Reforms in Foreign Direct Investment Policy of India
Direct Investment Policy of India. Foreign Direct Investment or FDI plays an important role in the economic growth of a nation. It contributes a great deal to employment creation, transfer of technology, foreign exchange earnings, and increase in income levels of workers.
When the NDA Government came into power in May 2014, it was faced with a sluggish economy with stagnant sub-5 per cent growth, an underperforming manufacturing sector, increasing Consumer Price Index (CPI) and a shortfall in foreign investment, etc. According to HSBC, the Indian economy was stuck in a rut. In order to revive the economy and put it back on the path of development, the Government took a number of initiatives including campaigns like ‘Make in India’, ‘Skill India’ and ‘Start-up India’, etc. In November 2015, it introduced major reforms in 15 key sectors of the economy like defence, media, civil aviation and construction with an intent to attract investors from around the globe and to give impetus to the dream of making India ‘a global manufacturing hub’.
FDI norms were relaxed in these sectors so as to promote ease of doing business and simplify the procedure of foreign investments in the country. More and more FDI proposals have been put on automatic route to save time and effort involved in Government route. The limit of the Foreign Investment Promotion Board (FIPB) has also been increased from Rs. 3000 crore to Rs. 5000 crores. Up to 49% of consolidated FDI has been allowed in the defence sector under the automatic route. The Department of Industrial Policy & Promotion (DIPP) has been asked to prepare a booklet by consolidating all instructions related to FDI given in different notifications & press notes so that instead of referring to several documents, the investors have to refer to only a single document. Construction Development Sector has been highly liberalized by easing of area restriction norms, reduction of minimum capitalisation and easy exit from projects. Steps have also been taken to boost low-cost affordable housing. FDI POLICY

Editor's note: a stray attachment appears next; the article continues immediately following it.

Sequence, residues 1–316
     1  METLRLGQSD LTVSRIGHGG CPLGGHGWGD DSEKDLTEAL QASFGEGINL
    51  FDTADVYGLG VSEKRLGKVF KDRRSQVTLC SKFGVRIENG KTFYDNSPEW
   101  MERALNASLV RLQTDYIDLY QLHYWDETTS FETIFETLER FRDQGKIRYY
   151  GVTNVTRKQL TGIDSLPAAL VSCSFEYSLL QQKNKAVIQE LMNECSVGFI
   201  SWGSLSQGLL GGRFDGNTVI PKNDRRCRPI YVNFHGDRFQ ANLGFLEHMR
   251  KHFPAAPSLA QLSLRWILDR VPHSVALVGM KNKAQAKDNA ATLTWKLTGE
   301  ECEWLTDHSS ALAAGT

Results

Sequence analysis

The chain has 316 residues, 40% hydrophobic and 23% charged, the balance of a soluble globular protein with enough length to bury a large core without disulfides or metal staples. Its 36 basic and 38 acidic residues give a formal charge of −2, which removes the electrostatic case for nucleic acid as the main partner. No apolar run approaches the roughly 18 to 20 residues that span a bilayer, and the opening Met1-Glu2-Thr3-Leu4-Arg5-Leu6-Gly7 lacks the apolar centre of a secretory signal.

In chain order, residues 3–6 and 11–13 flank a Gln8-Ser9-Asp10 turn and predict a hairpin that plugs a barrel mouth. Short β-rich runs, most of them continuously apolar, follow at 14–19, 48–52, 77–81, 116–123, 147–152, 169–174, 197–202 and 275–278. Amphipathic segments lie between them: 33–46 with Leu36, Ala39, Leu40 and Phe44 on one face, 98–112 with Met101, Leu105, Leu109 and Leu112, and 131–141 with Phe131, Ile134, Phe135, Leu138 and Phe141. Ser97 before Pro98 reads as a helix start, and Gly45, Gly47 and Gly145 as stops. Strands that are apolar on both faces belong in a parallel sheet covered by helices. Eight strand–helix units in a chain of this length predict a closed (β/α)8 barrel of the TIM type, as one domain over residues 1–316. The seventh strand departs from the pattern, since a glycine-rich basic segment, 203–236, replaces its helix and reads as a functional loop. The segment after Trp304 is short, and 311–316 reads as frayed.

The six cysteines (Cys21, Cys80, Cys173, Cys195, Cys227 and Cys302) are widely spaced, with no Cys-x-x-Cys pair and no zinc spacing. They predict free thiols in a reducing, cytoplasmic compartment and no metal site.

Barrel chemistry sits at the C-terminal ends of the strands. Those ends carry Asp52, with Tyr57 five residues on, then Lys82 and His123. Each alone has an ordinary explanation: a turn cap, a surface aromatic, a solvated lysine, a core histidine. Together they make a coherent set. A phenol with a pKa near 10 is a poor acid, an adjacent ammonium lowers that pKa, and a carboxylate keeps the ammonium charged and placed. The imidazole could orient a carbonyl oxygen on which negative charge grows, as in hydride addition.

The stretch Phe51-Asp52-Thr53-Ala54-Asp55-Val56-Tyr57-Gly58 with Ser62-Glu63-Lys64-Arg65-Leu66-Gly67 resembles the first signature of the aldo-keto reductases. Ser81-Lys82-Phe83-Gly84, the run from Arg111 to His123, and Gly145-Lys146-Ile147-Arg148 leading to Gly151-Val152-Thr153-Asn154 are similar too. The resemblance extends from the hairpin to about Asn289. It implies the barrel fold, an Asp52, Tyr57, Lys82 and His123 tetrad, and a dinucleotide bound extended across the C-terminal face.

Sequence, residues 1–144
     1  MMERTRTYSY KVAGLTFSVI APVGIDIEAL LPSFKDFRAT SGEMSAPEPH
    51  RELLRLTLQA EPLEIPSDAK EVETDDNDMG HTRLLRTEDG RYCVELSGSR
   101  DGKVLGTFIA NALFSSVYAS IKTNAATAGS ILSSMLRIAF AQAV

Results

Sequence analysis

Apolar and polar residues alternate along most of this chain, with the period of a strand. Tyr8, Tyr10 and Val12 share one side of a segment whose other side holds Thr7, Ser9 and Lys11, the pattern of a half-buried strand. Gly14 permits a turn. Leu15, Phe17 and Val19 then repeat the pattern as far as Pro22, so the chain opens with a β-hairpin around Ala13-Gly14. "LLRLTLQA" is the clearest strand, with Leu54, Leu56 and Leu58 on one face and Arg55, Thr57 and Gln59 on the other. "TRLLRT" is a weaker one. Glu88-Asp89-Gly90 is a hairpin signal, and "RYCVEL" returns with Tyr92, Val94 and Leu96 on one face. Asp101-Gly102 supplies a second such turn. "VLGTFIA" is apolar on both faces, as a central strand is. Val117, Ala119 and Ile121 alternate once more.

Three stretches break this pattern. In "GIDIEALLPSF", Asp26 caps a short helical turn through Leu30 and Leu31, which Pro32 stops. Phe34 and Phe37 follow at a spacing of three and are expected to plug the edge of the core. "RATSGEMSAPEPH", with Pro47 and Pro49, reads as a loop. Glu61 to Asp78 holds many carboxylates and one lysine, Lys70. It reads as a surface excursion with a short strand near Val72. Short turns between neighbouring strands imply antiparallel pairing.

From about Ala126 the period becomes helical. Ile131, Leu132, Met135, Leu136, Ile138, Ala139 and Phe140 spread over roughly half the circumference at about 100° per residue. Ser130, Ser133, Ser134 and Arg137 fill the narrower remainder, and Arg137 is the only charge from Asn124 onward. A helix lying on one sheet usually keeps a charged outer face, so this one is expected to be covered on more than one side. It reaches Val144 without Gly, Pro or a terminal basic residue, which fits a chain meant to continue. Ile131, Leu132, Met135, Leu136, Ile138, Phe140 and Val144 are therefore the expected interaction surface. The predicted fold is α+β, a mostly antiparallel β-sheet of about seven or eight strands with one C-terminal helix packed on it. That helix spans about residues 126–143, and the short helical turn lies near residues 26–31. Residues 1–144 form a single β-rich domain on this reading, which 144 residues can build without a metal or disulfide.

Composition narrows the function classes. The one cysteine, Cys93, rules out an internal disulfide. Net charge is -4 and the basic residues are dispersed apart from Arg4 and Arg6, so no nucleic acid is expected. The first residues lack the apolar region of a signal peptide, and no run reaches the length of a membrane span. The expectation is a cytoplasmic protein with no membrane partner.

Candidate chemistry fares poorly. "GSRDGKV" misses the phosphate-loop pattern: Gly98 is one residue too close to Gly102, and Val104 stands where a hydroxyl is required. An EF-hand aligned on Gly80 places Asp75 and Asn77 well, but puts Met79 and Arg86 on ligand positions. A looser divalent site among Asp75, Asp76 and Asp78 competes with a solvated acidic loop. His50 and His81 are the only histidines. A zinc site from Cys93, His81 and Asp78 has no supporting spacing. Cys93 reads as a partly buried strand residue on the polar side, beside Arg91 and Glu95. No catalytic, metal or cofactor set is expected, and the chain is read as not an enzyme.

According to the World Investment Report 2015 by United Nations Conference on Trade and Development (UNCTAD), India was placed at the ninth slot in the list of top 10 countries which attracted the highest FDI in 2014. India has entered into multi-million dollar agreements with many countries and big companies. It sold the exclusive rights to Japan for the construction of the first bullet train, for which the latter has offered a loan of US$ 8.11 billion. A Memorandum of Understanding (MoU) has been signed between Foxconn and Maharashtra State government in which the former has agreed to invest US$ 5 billion over the next three years for setting up a manufacturing unit between Mumbai and Pune. Russia’s Rostec has also agreed to form a joint venture with HAL, an Indian PSU for the manufacture of Kamov 226T military helicopters in the country. It has provided a major boost with the ‘Make in India’ campaign. According to DIPP, India attracted FDI inflows amounting to US$ 44.9 billion during the financial year 2015 as compared to US$ 36.0 billion in the financial year 2014.
However, many challenges still remain. The critics are divided over the success of ‘Make in India’ campaign. Some are of the opinion that the year 2015 was below expectations and the response of foreign investors was lacklustre. But the fact that these reforms have ushered in an array of opportunities cannot be disputed. Optimism among investors is definitely high. A favourable business environment has been created in the country to attract and keep attracting foreign capital. It is hoped that 2016 will prove to be a better year for FDI than 2015, especially after the latest reforms.